Certainly better than the junior sailor’s quarters on the Lembit, Estonia’s first submarine. These guys has to sleep on tiny cots hanging over the torpedoes! This is not unusual, the sailors on board an old US submarine I visited in Oklahoma did just the same.
The Officer’s Mess was certainly better. With a crew of about 30, there couldn’t have been more than a few officers. But from what I could gather visiting the sub, this was their recreation, eating, working and sleeping area. And the guys working and sleeping in the torpedo room would have had to walk through the Mess every time they needed to go to the toilet, or anywhere else on the sub.
The kitchen. No island, no granite countertop? How can you cook there?
The old school intercom!
And the sub from the outside. The building itself is almost as impressive as the museum that was built in it.
These very unique domes were built on the order of Tsar Nicolai II, in order to house seaplanes during The Great War (95% sure, please don’t quote me on this one). After being abandoned for decades, they were sold by the Soviet Government in 1990, in a transaction eventually deemed illegal by the Estonian Supreme Court. The museum was opened in 2012.
This is a cut-out replica of the American Civil War Confederate submarine Hunley. It was the first submarine to sink a ship in the history of naval warfare. 7 men would crank the shaft by hand, under the direction of an Officer, who navigated with a compass! The sub could not stay submerged for long, as it had no air reserve of any kind! It “paddled” towards the Housatonic, a Union frigate, and punched a long lance attached to it’s bow into the wooden hull of the frigate. The lance detached itself from the sub and remained in place, with a mine attached to the head. The sub “back-paddled” until the point a rope attached to the mine became taunt and detonated the charge, sinking the Housatonic. Sadly for the extremely brave submariners, the rope was not long enough and both vessels were destroyed.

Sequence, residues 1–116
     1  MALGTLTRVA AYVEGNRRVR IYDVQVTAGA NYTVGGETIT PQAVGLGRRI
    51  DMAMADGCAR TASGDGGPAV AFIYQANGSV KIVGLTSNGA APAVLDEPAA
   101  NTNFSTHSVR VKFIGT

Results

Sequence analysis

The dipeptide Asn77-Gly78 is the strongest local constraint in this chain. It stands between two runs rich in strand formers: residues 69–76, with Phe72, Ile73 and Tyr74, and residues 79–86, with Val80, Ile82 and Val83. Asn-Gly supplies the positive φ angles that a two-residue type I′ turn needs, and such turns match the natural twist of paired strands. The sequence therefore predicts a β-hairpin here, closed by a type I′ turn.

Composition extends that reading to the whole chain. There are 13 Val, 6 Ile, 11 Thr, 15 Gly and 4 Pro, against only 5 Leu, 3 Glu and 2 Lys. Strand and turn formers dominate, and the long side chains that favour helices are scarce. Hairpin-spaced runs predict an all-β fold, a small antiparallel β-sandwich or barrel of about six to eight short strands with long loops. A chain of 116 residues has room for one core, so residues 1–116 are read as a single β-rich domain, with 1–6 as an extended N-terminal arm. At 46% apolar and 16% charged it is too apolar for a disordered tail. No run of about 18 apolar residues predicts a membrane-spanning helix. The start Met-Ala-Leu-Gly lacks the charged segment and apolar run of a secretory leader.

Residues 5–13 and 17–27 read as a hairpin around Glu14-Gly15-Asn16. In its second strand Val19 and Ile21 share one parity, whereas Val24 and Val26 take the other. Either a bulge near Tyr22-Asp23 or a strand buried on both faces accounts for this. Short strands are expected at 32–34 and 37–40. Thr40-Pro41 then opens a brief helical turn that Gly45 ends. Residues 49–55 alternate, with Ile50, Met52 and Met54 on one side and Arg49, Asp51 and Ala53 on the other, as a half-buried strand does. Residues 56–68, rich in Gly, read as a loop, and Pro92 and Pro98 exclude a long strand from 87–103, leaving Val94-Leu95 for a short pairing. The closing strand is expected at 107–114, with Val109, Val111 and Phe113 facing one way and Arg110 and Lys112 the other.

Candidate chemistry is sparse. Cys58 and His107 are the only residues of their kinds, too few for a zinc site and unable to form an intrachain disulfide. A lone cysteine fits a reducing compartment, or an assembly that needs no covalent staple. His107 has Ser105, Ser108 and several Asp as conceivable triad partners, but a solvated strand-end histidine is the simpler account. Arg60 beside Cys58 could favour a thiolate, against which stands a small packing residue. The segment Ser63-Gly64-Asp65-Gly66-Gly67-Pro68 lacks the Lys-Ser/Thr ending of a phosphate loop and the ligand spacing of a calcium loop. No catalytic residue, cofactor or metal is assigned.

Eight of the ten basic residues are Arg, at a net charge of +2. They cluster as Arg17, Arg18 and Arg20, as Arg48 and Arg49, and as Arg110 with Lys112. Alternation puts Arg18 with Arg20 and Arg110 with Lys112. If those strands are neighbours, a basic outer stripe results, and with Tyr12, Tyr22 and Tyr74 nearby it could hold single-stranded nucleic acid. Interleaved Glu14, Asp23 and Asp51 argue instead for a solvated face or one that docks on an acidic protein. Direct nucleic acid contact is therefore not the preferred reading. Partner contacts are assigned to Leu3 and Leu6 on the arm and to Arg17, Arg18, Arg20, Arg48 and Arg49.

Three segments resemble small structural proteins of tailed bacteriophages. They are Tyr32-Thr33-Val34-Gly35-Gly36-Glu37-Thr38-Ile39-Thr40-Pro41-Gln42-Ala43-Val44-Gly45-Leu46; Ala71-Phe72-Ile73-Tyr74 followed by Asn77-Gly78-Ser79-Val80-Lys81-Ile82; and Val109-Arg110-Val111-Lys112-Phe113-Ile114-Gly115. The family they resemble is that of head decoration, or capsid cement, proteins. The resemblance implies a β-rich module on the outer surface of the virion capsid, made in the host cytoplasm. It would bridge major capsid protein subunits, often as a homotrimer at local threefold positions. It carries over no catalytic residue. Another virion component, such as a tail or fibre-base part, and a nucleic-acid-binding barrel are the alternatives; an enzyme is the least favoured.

The 16th century Maasilinna ship, the oldest (somewhat) preserved vessel of Estonian origin.
And a nearly 100 year old seaplane, because after all, this was a seaplane bunker. This awesome museum is quite big and easily a half day visit. There are military displays, all sorts of information panels, a multitude of simulators for kids and adults, etc.
The pharmacy museum is more like a 5 minute visit, but it is original and free. The funny thing is that it is also a working pharmacy, which gives a complete new meaning to the expression “over-the-counter” drugs!
In the old days, the coloured liquid vials indicated the building housed a pharmacy, and referred to the Hippocratic theory of “humours”, with red representing blood, and blue, phlegm. On the wall, the coat of arms of the family, apothecaries for many generations.
Sorry for the terrible photo, but the oldest cafe in town had a really cool ferris wheel made of teacups and teaspoons!
And the restaurant where we had dinner at had this logo, which we didn’t figure out.
Tomorrow, the Estonian countryside!